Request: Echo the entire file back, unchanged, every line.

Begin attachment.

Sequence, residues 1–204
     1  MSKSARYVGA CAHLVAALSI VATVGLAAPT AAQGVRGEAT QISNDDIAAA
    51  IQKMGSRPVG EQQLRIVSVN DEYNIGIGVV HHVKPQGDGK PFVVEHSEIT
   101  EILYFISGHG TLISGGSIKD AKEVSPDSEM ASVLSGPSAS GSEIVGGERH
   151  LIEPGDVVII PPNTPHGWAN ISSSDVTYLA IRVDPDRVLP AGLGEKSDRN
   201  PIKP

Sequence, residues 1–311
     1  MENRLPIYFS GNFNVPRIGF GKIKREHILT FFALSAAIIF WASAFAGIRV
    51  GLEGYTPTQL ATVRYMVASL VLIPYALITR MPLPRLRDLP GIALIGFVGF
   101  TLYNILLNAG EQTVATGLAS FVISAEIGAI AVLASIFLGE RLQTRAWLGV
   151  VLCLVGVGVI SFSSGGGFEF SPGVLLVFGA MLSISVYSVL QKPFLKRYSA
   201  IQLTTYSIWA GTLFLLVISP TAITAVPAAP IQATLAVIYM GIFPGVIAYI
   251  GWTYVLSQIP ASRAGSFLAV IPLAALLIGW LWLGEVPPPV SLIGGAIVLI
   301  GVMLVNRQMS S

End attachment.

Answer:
Sequence, residues 1–204
     1  MSKSARYVGA CAHLVAALSI VATVGLAAPT AAQGVRGEAT QISNDDIAAA
    51  IQKMGSRPVG EQQLRIVSVN DEYNIGIGVV HHVKPQGDGK PFVVEHSEIT
   101  EILYFISGHG TLISGGSIKD AKEVSPDSEM ASVLSGPSAS GSEIVGGERH
   151  LIEPGDVVII PPNTPHGWAN ISSSDVTYLA IRVDPDRVLP AGLGEKSDRN
   201  PIKP

Sequence, residues 1–311
     1  MENRLPIYFS GNFNVPRIGF GKIKREHILT FFALSAAIIF WASAFAGIRV
    51  GLEGYTPTQL ATVRYMVASL VLIPYALITR MPLPRLRDLP GIALIGFVGF
   101  TLYNILLNAG EQTVATGLAS FVISAEIGAI AVLASIFLGE RLQTRAWLGV
   151  VLCLVGVGVI SFSSGGGFEF SPGVLLVFGA MLSISVYSVL QKPFLKRYSA
   201  IQLTTYSIWA GTLFLLVISP TAITAVPAAP IQATLAVIYM GIFPGVIAYI
   251  GWTYVLSQIP ASRAGSFLAV IPLAALLIGW LWLGEVPPPV SLIGGAIVLI
   301  GVMLVNRQMS S